The Samsung Galaxy S4’s tagline — “The next big thing is here” — is a telling pitch. The Galaxy is the world’s second best-selling phone, behind the iPhone. And the latest version unabashedly claims that bigger is better. But considering the S4 in a different light, maybe we shouldn’t think of it as a big phone. Maybe we should treat it like a very small tablet and leave our real tablet home.
When Alvin Toffler popularized the term “information overload” in 1970, even that legendary futurist could not have predicted the flood of data that drowns today’s road warrior. E-mails from multiple accounts, instant messages, texts, iMessage and Google Voice — and, oh yeah, phone calls — all clamor for attention from our smartphones.
Attending a multiple-day event that covers a lot of ground, like South By Southwest, makes your go bag even more indispensable. Whether you’re on your way to SXSW or already running around downtown Austin, you need to take extra precautions that your bag is properly stocked. All the basic rules apply (you’ll find those external batteries to be a godsend), but here are my recommendations for that 20 percent buffer in your go bag.
Google unleashed a snarkfest when it introduced the Chromebook Pixel. The reaction was swift and mostly merciless. “Sorry, but there’s no defense for the Chromebook Pixel” claimed BGR. “Bizarre, pointless,”said Bruce Berls. The Wirecutter declared: “The Chromebook Pixel is not for you.” In one of the most positive receptions ZDNet’s Matt Baxter-Reynolds calls it “deliberately bad” — and then goes on to give three reasons why Google was smart to release something that was “entirely illogical and unsellable.”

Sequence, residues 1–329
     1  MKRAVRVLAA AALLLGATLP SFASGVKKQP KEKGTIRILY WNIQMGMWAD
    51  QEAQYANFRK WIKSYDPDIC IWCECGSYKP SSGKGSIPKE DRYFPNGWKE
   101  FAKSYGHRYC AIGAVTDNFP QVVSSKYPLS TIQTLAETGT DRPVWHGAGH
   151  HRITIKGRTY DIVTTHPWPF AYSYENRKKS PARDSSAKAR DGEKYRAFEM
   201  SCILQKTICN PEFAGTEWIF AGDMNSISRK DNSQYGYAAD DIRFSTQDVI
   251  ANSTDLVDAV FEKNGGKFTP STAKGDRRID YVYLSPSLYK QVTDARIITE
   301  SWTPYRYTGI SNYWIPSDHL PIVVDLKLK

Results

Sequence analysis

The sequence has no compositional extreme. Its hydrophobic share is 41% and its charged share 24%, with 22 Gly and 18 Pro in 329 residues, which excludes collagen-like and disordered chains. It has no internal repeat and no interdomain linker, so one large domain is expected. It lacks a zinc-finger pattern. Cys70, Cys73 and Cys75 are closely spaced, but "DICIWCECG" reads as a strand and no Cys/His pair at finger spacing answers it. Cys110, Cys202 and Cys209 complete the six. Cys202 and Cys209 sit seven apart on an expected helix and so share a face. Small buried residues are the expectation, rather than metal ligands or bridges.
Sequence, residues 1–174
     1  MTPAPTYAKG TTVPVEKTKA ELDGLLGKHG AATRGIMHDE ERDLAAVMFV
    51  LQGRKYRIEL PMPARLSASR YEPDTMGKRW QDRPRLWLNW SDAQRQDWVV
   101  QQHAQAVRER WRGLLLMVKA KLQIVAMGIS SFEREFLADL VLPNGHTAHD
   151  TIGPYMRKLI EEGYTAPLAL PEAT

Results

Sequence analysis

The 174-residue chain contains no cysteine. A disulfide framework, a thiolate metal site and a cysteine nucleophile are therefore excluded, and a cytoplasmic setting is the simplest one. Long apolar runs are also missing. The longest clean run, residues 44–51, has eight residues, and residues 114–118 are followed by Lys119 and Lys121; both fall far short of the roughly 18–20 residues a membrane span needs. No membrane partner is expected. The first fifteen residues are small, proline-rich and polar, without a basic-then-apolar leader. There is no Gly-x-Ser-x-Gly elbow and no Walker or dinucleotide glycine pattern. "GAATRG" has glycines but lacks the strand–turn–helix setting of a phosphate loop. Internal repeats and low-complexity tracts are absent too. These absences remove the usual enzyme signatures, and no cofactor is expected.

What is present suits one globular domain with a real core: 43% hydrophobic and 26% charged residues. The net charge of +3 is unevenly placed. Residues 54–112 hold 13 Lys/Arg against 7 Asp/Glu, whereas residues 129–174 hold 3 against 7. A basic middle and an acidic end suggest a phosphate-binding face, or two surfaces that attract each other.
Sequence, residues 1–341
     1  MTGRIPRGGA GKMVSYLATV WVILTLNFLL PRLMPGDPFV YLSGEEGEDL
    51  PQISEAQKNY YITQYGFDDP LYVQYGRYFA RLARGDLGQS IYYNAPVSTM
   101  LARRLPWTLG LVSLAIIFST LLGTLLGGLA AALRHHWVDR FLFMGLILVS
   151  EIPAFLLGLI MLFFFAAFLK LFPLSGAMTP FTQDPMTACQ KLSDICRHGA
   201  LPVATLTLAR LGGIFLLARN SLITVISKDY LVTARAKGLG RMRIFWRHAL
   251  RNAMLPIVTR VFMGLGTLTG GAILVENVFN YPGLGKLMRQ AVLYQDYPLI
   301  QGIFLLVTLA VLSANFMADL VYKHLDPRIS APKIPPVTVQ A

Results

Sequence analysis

Being a successful road warrior isn’t just about electronics. There are a host of small items that aren’t flashy, but make mobile life easier. Here are a few useful things to help you can get more work done while on the go.
Winter presents a unique challenge. When it’s cold outside you have to risk frostbite or wear special gloves to operate your smartphone and tablet, whose multi-touch screens respond only to your fingertips and materials that mimic them. I’ve tried a few different gloves, and the pair in my go bag is a recent acquisition: North Face e-tips.
For years I’ve used a 13″ MacBook Air as my primary computer. Before that, a 15″ MacBook Pro. Before that, larger, heavier WinTel machines. It’s a truism that tech tends to shrink and become ever more powerful, an extrapolation of the famous 1965 prediction by Intel co-founder Gordon E. Moore that chip performance would double every couple of years. But because I can do so many things now with a smartphone or tablet that only used to be possible with a “real” computer, the threshold question comes down to this: What is the least laptop I can get by with, no regrets?
You won’t mistake the new Samsung Chromebook for Apple’s rockstar MacBooks or any other full-powered laptop. But, it’s far more useful than your average netbook, and, at its $249 price, it might be the best value out there. So while it may not be the only computer you own, depending on your needs, it certainly could be the only one you carry.
Apple’s iPad could be the perfect device for a road warrior, but it has one glaring shortcoming — the lack of the perfect keyboard. The built-in onscreen keyboard is workable, but no tactile feedback means that you look at your fingers as you type, instead of the words on the screen. That makes typing on a tablet slower than on a laptop, and that means you avoid your iPad for typing-intensive tasks, even though in every other respect it might be the perfect choice for communicating on the road.